Part one is told from Zee and Doug’s point of view. Half their issues are a lack of communication. Part Two is Grace’s story of her terrible marriage to George. Part three was the most confusing, though the most revealing section, told from the point of view of the many artists in the colony. It was hard to keep everyone straight since there were so many voices. (And since this was an audiobook, I couldn’t flip back and forth.) And finally poor Violet’s story from the point of view of her husband. There were so many personal tragedies, yet I thought the first part of the story was often funny.

The Hundred-Year House is not a spooky story. It’s more about a haunted home’s memories than its ghosts. The ghosts are just stories, random unexplained happenings to are attributed to them. One of Zee’s students ask if it’s possible for a spirit from the future to haunt a place and this is proven to be true later in the book. I loved that idea and of course only the reader can recognize the ghost, the characters have no idea.

I completely fell for The Hundred-Year House. I loved the way it was told. It’s such an interesting way to write a story. You’re either going to love it or hate it. I say just roll with it. It will be fun. Now I have a dream of starting an artists’ colony. Do they even exist anymore? It sounds like good time.

About the Audio: Jen Tullock is the narrator. She really shines in part three where there are so many different characters. She tries to make them all sound distinctive. I particularly like the White Rabbits, who sound like a female Beavis and Butthead.

Thanks to Penguin Audio for the review copy. All opinions are my own.

July 14, 2014

Oh Hai!

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Hello! I’m still around.

Here’s what I’ve been doing.

*I’ve been ordering books, and placing holds on books like nobody’s business.

*Eating lots of local strawberries.

*I made these.

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*Watching Netflix.

*Listened to audiobook The Hundred-Year House (very good!).

*Baked these rhubarb cupcakes.

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*Bought this.

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That was my quick check in. I’ll post a review soon. Bye!

July 8, 2014

Conversion by Katherine Howe: Review

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conversionColleen is a senior year student at the prestigious private school St Joan’s in Danvers, Massachusetts. On a day in January, 2012, one of her classmates has what appears to be a seizure. It’s troubling but not a big deal until other girls fall ill. Soon girl after girl in the senior class succumb to the Mystery Illness, as the press will come to call it. Seizures, tics, yelps, even hair loss strike the girls. What is the cause of this illness? Is it environmental? Biological? Or psychological?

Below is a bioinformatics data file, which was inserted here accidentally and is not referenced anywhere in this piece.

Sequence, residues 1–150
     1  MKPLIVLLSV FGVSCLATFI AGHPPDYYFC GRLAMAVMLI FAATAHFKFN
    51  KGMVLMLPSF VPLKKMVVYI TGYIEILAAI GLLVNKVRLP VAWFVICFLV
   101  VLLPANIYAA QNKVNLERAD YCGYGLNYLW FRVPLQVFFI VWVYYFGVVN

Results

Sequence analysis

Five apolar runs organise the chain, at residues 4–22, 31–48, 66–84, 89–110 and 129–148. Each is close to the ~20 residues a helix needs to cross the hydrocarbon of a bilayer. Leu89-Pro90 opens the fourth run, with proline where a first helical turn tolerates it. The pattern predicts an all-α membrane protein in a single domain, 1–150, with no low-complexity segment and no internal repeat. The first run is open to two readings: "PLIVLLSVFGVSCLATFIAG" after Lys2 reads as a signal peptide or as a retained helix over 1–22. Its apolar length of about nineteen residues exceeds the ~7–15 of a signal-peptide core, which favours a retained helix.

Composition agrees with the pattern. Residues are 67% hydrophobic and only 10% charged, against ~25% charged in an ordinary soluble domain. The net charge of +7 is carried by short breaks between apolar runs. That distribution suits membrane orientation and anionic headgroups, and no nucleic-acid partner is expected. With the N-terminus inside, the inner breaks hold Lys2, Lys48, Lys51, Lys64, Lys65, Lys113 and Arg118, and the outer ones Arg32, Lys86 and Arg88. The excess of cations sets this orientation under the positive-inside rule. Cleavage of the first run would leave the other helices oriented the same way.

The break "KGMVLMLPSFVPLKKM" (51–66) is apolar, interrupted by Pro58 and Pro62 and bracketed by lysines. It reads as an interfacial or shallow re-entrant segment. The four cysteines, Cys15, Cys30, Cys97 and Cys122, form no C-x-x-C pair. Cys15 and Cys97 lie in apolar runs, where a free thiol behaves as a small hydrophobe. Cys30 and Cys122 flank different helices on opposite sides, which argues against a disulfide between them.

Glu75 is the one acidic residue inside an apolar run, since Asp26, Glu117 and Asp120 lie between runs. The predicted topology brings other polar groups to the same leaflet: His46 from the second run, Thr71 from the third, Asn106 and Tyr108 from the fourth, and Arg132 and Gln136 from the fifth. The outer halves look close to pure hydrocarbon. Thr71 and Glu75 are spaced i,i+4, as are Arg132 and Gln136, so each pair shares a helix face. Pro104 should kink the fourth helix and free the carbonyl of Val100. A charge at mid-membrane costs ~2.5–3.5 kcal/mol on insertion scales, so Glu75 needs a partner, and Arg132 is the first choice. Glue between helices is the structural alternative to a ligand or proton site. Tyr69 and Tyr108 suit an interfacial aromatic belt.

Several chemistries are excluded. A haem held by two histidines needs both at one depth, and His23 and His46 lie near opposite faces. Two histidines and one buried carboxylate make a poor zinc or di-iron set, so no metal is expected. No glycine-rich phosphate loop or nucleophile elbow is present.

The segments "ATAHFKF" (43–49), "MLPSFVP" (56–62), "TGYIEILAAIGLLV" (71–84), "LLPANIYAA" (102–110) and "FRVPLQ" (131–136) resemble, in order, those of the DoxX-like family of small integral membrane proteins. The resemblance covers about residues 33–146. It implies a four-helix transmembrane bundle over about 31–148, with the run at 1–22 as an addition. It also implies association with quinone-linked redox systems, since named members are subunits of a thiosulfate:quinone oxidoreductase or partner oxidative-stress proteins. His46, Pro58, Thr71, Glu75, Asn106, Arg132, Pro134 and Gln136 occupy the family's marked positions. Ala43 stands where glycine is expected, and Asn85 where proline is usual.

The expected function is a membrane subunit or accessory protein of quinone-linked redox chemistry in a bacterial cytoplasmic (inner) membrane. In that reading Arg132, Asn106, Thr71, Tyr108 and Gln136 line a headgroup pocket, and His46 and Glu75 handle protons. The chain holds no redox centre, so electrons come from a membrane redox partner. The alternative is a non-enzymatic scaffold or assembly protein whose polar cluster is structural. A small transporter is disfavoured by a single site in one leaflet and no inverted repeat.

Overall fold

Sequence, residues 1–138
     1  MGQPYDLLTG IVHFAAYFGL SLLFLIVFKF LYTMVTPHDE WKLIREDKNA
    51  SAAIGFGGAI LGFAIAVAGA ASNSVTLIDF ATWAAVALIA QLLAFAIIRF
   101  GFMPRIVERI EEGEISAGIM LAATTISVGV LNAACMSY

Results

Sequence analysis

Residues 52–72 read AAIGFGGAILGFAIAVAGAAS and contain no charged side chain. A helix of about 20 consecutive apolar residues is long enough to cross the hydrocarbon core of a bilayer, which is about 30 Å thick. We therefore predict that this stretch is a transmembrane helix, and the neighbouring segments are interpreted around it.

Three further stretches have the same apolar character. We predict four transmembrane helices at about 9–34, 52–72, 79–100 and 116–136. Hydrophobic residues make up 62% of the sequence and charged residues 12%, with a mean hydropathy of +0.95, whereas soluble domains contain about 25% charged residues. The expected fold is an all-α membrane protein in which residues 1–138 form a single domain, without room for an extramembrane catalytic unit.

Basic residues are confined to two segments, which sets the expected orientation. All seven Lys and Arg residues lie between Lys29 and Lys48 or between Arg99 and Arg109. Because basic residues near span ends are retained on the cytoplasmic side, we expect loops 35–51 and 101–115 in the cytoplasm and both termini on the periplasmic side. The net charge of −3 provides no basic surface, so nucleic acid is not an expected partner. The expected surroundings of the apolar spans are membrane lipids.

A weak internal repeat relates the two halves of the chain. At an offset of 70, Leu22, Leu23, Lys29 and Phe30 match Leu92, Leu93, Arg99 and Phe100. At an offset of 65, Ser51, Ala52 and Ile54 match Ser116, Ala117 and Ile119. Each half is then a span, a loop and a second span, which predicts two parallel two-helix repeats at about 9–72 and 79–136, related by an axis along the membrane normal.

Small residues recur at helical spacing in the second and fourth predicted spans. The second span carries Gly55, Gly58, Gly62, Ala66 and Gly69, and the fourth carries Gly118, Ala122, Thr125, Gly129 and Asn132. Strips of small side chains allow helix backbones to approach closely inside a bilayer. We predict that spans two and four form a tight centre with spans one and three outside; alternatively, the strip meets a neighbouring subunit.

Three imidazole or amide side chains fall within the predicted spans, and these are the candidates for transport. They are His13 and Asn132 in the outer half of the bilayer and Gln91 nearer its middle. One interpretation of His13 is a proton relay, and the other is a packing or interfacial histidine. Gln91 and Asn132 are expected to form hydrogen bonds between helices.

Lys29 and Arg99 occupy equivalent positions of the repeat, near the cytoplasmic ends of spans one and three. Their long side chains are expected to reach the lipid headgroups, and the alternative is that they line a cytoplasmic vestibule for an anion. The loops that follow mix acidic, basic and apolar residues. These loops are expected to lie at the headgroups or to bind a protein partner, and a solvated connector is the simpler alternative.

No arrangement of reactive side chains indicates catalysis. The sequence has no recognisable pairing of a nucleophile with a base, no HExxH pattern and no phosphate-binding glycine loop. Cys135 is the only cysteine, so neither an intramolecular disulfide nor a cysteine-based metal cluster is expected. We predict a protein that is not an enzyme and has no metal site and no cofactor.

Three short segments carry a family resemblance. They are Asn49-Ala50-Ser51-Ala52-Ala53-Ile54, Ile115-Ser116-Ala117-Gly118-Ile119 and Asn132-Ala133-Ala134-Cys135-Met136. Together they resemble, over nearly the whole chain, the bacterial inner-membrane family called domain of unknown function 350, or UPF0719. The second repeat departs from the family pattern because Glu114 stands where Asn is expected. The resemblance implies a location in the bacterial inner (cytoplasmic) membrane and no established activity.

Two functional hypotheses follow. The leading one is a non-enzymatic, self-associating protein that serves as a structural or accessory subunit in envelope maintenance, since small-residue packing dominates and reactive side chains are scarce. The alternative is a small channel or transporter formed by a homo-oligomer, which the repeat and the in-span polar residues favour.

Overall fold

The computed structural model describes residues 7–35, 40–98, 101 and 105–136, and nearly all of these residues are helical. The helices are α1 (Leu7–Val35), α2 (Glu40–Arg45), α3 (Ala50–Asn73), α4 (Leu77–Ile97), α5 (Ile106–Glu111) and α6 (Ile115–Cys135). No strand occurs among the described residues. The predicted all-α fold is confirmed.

When prompted by her teacher to learn the real story behind the play The Crucible, Colleen discovers Ann Putnam, a girl like herself caught in the hysteria of the Salem Witch Trials. In many ways, those bizarre days resemble what is happening to Colleen and her friends in present day Massachusetts.

It’s kinda weird that I read two books about mysterious illnesses striking teenaged girls in small towns so close together. The tone of Fever is quite different from Conversion, however. Conversion, unbeknownst to me, is a young adult novel from Katherine Howe. I read and enjoyed Howe’s The Physic Book of Deliverance Dane, another Salem related story for adults. I didn’t know this one was YA until after a few chapters and I had the feeling that it was. I think it was the way the girls spoke to each other. Conversion, although it’s about girls afflicted with a serious unexplainable sickness, is lighter than Fever, and thankfully, there’s less fetishism of teenaged girls’ sexuality. Okay, I’m done comparing them, I have that out of my system.

Moving on…

Howe compares the real life case of a stress induced mass illness to the hysteria of the witch trials centuries ago. In both cases the events centred on adolescent girls. Howe creates a fictional school where the competition for top marks and university placement is high. I have to say I had no idea how crazy the US university admission process was. I don’t think anything compares to it here in Canada. It’s stressful and a lot of pressure is on these young women to get into their dream school. And, there’s some other stuff going on there too.

The “Interludes” with Ann Putnam in the 1700s were interesting. I couldn’t figure her out. She could have been a complex character but didn’t have a lot of manoeuvrability within the story as she was a real person giving a real confession. Her part in the hysteria mirrors what is happening to the girls in Danvers. Ann is swept up in the madness, even though she knows it isn’t real, she begins to believe it. Is this what is happening in 2012 or is it something else? Howe leaves some room for interpretation.

As for the modern day characters, I thought Colleen was on the Mary Sue side. The most rebellious thing she does is order beers at a bar. Her family are all well adjusted (though the youngest is virtually ignored, a running joke). They’re loving and supportive. Colleen’s friends are somewhat one dimensional, even Emma. Very rich, very privileged. Not very interesting.

I didn’t love Conversion. I wanted to like it more because of the subject of stress and teenaged girls, but the characters seemed flat to me.

About the Audio: Conversion is narrated by Khristine Hvam (Pokemon). She has a very young voice. That should have tipped me off that this was YA. She had a slightly English accent for the colonists.

Thanks to Penguin Audio for the review copy and a chance to give this one an honest review.